Alena Lutkovskaia was perhaps Russia’s most surprising day four victor. She won the pole vault ahead of ahead of Fernke Pluim with Italy’s Sonia Malavisi third and Roberta Bruni, the hosts’ other great hope, out of the medals in fifth.Pavel Ivashko overpowered Poland’s Patryk Dobek to win the men’s 4x400m relay gold for Russia in 3:04.87, a national junior record. 

Poland triumphed in the women’s 4x400m, though, thanks to a storming last leg from their individual champion, Patrycja Wyciszkiewicz, and in the men’s 4x100m which yielded no medals for either of the two fancied teams, France and Britain. 

Zwicker stars on the track 
Zwicker lived up to expectations when he sprinted away from the field over the final 300m to claim 800m gold for Germany in 1:49.58.

His front-running tactics in the rounds suggested he might go for broke in the final, but Zwicker played a perfect waiting game this time, taking the lead just before the bell after a slow start before stretching his legs round the penultimate bend and pulling away down the back straight. 

Belgian Aaron Botterman fought hard to win the battle for silver in 1:49.80 ahead of Leo Morgana who was delighted to get the bronze for France in 1:50.04. 

Nataliya Pryshchepa poached the women’s 1500m title from Poland’s event favourite Sofia Ennaoui, producing a powerful finish in the Rieti rain to claim gold for Ukraine in 4:18.51. Ennaoui took silver in 4:20.20 while Aurora Dybedokken bagged a surprise bronze for Norway with a personal best of 4:21.27. 

Jip Vastenburg denied Oona Kettunen a second gold medal when she outkicked the Finn to claim the women’s 5000m title for the Netherlands. 

Vastenburg unleashed a long-striding finishing kick to take gold in 16:03.31, leaving Kettunen, the 3000m steeplechase champion, with silver and a personal best of 16:03.79. Elena Kudashkina of Russia claimed bronze in 16:08.12. 

Aghasyan gets first gold for Armenia
Aghasyan’s gold in the men’s triple jump was one of the day’s big surprises, the first ever in any event for Armenia at a European juniors.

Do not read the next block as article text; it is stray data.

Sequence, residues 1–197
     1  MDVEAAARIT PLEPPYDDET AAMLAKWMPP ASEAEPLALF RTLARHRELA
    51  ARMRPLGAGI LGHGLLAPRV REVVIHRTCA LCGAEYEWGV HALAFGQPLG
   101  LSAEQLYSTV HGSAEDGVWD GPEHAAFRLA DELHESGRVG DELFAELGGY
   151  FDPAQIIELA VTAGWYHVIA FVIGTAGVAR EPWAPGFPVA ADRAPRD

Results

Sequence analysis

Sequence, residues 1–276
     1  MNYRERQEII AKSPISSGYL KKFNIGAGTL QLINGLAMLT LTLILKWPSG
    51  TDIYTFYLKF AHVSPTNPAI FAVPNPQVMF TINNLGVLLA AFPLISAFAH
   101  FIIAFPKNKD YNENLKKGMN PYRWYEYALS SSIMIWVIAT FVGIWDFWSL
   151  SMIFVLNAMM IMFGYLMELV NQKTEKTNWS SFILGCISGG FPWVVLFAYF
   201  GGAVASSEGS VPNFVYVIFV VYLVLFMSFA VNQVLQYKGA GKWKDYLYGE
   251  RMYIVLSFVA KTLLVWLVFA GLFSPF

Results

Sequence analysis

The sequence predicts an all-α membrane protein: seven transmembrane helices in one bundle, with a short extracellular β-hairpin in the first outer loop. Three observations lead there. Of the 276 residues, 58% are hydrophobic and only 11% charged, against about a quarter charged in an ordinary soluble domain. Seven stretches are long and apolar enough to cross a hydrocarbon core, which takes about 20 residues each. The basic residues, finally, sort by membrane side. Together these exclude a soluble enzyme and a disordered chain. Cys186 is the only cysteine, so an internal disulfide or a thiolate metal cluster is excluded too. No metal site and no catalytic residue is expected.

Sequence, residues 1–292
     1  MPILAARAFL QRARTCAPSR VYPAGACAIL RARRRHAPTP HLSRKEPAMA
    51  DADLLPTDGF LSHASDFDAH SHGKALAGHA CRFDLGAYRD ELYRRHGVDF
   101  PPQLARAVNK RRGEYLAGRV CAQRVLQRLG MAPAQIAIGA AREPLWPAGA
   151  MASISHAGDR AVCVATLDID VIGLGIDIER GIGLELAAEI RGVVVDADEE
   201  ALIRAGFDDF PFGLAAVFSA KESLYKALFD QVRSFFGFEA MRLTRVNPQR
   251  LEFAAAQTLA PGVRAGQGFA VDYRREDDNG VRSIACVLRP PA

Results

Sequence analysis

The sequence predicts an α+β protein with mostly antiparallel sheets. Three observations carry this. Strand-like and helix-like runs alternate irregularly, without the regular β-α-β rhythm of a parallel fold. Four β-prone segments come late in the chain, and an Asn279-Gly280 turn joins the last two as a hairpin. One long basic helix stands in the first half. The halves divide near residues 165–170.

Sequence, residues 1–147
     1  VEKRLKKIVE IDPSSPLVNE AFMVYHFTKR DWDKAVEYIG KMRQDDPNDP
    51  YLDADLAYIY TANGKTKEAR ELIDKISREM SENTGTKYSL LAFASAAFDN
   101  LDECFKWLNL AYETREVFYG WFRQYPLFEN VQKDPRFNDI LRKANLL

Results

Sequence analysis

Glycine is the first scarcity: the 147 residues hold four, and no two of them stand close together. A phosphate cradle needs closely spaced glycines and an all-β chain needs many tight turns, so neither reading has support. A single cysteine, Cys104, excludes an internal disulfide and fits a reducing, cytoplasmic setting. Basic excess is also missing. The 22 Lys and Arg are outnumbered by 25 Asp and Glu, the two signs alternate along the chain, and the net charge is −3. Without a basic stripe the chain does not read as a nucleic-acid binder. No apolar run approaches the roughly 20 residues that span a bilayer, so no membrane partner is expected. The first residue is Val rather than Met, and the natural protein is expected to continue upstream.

Coached by 1986 European long jump champion Robert Emmiyans, Aghasyan didn’t figure in the continent’s top 10 junior triple jumpers before the championships, but found his best form of the year when it mattered most, leaping 16.01m to beat Kristian Pulli. 

The Finn picked up silver with a personal best of 15.88 just 3cm further than Vladimir Kozlov who claimed bronze for Russia. 

By contrast, Flinck’s win in the women’s javelin was thought to be a forgone conclusion but the Swedish star left it mighty late, snatching gold by just 1cm from Germany’s Christin Hussong with a sixth round throw of 57.91. 

Hussong had to settle for silver while Sara Kolak was only 11cm adrift in third with a Croatian junior and senior record of 57.79 meaning just 12cm separated the top three. 

Róbert Szikszai won the men’s discus with a Hungarian junior record of 64.75. Szikszai produced the three longest throws of the competition to beat Nicholas Percy who was the only other man to get over 62 metres. 

Percy picked up silver for Britain with a best of 62.04 while Russia’s Aleksandr Dobrenkiy took bronze with a PB of 61.54. 

Germany’s other victory today came in the women’s long jump where Malaika Mihambo produced the form of her life to land the title. Mihambo, whose first name means ‘Angel’ in Swahili, found her wings in round three when she flew out to 6.70, adding 6cm to her personal best. 

Britain’s World Junior bronze medallist Jazmin Sawyer took silver with 6.63, extending her PB by 13cm, while Ukraine’s Maryna Bekh jumped 6.44 to bag bronze. 

Ukraine’s Kateryna Tabashnyk produced a clean series of jumps from 1.74 to 1.88 and topped out with a PB of 1.90 to win the women’s high jump from Akexandra Yaryshkina while her teammate Iryna Hershchenko took bronze.